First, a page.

The Ontario Network for the Prevention of Elder Abuse applauds the federal government for making good on an election promise to make elder abuse prevention a priority but knows this is just one piece of the puzzle.
On April 15th 2011, Prime Minister Stephen Harper had announced that a re-elected Conservative government would crack down on those who commit crimes against seniors. He said a Conservative government would ensure that the Criminal Code of Canada includes a provision to add age to the list of aggravating factors courts must consider when issuing a sentence.
That is exactly what happened yesterday. On March 15, 2012 the Government of Canada announced the introduction of legislation which will help ensure that sentencing for crimes against elderly Canadians reflects the significant impact that crime has on their lives. Under the proposed amendment to the Criminal Code, evidence that an offence had a significant impact on the victims due to their age – would be considered an aggravating factor for sentencing purposes.
Teri Kay, Executive Director of ONPEA knows this is a much needed step for elder abuse awareness but urges government of all levels to keep prevention initiatives on the forefront and the momentum moving. “The new legislation will help with cases before the courts but won’t impact reports of elder abuse. Most seniors are reluctant to report elder abuse for fear the abuser (usually a child or relative) will go to jail. This legislation won’t increase reporting but it will help to raise awareness about the issue. Resources and services like our Seniors Safety Line and community programs are important steps in helping seniors understand their options. Need to understand that elder abuse is not just fraud and violence; it includes emotional, psychological, sexual abuse and neglect. The way to increase reporting is talk about the issue and try to remove the shame.”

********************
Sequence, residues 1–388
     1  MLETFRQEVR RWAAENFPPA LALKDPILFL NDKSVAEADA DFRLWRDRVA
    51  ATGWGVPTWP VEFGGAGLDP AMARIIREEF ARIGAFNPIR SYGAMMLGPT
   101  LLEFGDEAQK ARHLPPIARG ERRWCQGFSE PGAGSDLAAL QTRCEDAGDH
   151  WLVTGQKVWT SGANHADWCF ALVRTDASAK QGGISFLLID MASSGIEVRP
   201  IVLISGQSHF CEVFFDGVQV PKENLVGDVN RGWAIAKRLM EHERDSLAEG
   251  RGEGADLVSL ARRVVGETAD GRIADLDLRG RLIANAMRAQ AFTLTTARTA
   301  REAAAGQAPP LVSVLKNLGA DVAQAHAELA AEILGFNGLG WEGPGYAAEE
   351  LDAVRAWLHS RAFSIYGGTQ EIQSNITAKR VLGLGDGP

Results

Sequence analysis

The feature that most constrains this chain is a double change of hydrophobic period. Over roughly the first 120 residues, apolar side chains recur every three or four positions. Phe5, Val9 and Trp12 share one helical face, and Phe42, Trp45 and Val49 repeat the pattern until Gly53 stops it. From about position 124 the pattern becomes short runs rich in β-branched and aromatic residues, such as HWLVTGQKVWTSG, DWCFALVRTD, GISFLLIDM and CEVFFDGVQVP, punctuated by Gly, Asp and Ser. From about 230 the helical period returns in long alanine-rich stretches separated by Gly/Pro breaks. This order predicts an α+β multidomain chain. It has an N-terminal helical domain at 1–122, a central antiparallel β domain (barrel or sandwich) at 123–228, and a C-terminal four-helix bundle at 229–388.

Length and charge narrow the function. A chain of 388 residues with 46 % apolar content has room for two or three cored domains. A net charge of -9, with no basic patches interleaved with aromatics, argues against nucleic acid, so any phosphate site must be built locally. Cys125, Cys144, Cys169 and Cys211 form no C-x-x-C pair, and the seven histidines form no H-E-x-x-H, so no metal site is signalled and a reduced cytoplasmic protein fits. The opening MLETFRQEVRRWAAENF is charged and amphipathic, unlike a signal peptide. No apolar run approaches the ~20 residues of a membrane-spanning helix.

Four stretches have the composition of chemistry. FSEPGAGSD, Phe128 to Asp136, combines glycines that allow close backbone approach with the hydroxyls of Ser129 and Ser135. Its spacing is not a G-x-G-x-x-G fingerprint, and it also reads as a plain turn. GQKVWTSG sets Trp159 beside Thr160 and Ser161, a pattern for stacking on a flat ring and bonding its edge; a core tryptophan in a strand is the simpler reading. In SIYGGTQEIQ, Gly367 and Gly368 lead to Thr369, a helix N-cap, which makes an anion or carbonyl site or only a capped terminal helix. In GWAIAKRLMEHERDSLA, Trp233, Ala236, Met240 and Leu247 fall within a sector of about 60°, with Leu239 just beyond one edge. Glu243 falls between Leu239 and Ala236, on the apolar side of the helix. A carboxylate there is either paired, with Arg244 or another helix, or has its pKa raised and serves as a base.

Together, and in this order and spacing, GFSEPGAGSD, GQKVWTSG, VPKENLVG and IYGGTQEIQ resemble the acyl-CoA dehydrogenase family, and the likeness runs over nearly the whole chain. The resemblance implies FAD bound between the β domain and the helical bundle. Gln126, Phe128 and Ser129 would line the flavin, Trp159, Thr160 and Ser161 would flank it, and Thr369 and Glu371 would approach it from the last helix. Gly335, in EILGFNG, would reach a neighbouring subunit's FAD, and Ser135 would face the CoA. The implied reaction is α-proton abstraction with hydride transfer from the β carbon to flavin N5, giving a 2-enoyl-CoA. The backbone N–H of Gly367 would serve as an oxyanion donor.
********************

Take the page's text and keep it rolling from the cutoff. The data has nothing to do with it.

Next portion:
ONPEA is certain that more public education, professional training for police and front-line workers, advocacy and support for care-giving families are essential to decrease these staggering rates of abuse as this segment of the population grows. By investing in programs and education to recognize signs of elder abuse we can prevent many cases before they reach a criminal act and decrease associated costs in the future. Compared to other abuse programs throughout the province and country, elder abuse is far less funded and needs to be addressed now.
The Ontario Network for the Prevention of Elder Abuse (ONPEA) is dedicated to raising awareness of elder abuse and neglect, through public education, professional training, advocacy, and service coordination. In addition to implementing Ontario’s Strategy to Combat Elder Abuse, ONPEA supports a growing number of vital projects and research in elder abuse and neglect prevention.
ONPEA was founded in 1989 and was incorporated as a charitable organization in 1992. ONPEA is governed by a voluntary Board of 12 members representing professionals, service providers, community organizations, volunteers, seniors and aboriginal groups. It has mounted numerous initiatives of regional, national and international nature. Charitable # 88900 0790 RR0001
For more information regarding the Senior Safety Line (1-866-299-1011) and the critical work of The Ontario Network for the Prevention of Elder Abuse (ONPEA) please visit www.onpea.org. Please also visit www.acupoftea.ca for more information on ONPEA’s on-going fundraising efforts.
FOR MORE INFORMATION PLEASE CONTACT
Karen Coons | 416.500.2373 | firstname.lastname@example.org
Mary Mead | 416.916.6728